2 different reactions follow an unexpected talk about feeding tubes

While my gene-positive wife and daughter were OK about them, I became sad

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by Carlos Briceño |

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Last year, a chat about a Halloween decoration led to a conversation about Huntington’s disease (HD).

It all began when my wife, Jill, picked up an item at the home of our daughter, Alexus, when we visited her in Boston. It was a long, hollow tube — a prop for a Halloween decoration, Alexus explained. Jill innocently asked Alexus what the tube reminded her of.

Our daughter’s reaction and words made me stop in my ADHD tracks.

“I thought the same thing, Mom,” she said. “It looks like a feeding tube.”

As Huntington’s progresses, it can cause trouble chewing, swallowing, and eating food, which causes some who have it to need a feeding tube. Also known as a gastrostomy tube, this G-tube is inserted in the body to bring nutrition directly to their stomachs. It’s one way doctors can make sure these people get the fluids and calories they need.

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The words “feeding tube” were odd for me to hear out loud. My first thought was, why does my young adult daughter understand what one of them looks like? Then, a heartbeat later, my shoulders sagged when the answer came to me.

Because her grandfather, who was gene-positive with Huntington’s, had one. She grew up watching him use it.

As heart-wrenching as it was for me to think about it – both Jill and Alexus are also gene-positive with HD – for them, it was as simple as a conversation about the weather.

Comfort from an unexpected source

Jill noticed my shoulders sagging and the sad look in my eyes as I realized what may be in store for them one day, and she looked at me with compassion.

“Oh, honey,” she said. “Don’t worry about that now. My dad had HD for years before he needed a feeding tube.”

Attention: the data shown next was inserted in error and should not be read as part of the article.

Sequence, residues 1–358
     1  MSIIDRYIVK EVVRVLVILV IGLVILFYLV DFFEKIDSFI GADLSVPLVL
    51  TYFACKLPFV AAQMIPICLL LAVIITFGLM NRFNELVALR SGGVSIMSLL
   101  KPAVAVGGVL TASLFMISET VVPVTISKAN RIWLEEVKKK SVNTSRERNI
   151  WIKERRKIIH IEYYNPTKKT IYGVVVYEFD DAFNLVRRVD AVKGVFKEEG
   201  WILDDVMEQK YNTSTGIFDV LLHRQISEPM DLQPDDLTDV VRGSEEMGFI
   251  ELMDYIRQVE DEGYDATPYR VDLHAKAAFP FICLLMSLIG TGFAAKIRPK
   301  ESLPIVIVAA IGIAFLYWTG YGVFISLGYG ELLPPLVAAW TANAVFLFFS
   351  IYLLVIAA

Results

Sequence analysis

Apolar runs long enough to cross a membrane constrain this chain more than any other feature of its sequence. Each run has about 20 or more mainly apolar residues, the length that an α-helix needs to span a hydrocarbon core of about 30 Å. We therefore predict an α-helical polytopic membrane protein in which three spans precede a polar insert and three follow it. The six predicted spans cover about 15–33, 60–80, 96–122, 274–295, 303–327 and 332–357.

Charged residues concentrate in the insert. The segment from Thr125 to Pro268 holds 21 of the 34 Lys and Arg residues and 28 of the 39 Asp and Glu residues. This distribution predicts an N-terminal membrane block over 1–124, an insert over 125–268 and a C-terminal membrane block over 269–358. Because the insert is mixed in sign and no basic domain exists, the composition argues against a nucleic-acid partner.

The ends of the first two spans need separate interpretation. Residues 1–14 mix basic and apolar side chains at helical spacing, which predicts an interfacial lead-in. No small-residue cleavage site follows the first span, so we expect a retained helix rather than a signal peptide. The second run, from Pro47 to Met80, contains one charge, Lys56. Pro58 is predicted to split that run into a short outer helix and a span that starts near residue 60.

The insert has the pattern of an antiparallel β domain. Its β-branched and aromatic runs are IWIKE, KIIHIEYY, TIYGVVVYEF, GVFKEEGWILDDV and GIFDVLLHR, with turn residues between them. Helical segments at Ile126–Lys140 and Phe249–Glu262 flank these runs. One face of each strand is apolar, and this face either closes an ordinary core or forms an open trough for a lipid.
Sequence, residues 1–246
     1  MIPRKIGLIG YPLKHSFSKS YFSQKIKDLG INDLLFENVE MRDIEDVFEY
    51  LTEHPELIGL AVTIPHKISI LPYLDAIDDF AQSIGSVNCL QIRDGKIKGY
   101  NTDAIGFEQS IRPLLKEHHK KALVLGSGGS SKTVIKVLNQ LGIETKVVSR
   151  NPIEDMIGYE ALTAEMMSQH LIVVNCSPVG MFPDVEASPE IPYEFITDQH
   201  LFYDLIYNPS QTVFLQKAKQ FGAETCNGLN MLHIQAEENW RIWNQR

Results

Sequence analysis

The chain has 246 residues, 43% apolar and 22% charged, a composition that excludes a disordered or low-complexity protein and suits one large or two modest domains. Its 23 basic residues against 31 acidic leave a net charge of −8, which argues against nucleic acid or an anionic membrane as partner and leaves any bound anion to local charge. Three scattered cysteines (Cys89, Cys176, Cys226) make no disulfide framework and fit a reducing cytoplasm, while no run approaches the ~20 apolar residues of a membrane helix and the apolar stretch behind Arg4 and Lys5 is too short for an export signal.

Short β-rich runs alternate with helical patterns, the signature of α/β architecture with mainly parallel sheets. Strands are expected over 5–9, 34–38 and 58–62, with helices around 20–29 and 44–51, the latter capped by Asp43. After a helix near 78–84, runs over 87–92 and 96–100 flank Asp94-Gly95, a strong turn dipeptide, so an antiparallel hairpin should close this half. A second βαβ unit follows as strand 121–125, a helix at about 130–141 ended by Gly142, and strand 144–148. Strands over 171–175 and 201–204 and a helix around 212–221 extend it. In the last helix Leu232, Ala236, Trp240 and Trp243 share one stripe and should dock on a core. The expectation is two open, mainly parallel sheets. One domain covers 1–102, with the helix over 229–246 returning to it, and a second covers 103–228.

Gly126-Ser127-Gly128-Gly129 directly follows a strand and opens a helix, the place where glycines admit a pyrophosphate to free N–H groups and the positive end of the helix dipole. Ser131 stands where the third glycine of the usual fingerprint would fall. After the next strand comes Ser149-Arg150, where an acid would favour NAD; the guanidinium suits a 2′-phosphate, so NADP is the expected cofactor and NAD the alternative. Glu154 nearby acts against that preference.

I was still heartbroken by the thought, so Jill took the opportunity to share a story to make me feel better.

“When my dad had his feeding tube put in,” she said, “the surgeon didn’t even come out to talk with my mom about the surgery. Then they discharged him with very little information about how and what to give him.”

Alexus added, “They also left out … how often [and how] to clean the site where it was inserted and what to do with the tube itself.”

I stood there trying to understand how any of that story was making the thought of a feeding tube better.

Alexus said, “Mom and Nana were lucky because they had worked with kids who had feeding tubes before my grandad got one, so they at least had some knowledge about feeding tubes.”

It became obvious they were prepared for possible futures with feeding tubes because of their experiences. As sad and difficult as I found it to think about a day when the people I love the most would have to deal with these tools, I realized that I needed to pull it together. If Jill and Alexus could handle that thought without breaking down, I could, too.

Note: Huntington’s Disease News is strictly a news and information website about the disease. It does not provide medical advice, diagnosis, or treatment. This content is not intended to be a substitute for professional medical advice, diagnosis, or treatment. Always seek the advice of your physician or other qualified health provider with any questions you may have regarding a medical condition. Never disregard professional medical advice or delay in seeking it because of something you have read on this website. The opinions expressed in this column are not those of Huntington’s Disease News or its parent company, BioNews, and are intended to spark discussion about issues pertaining to Huntington’s disease.


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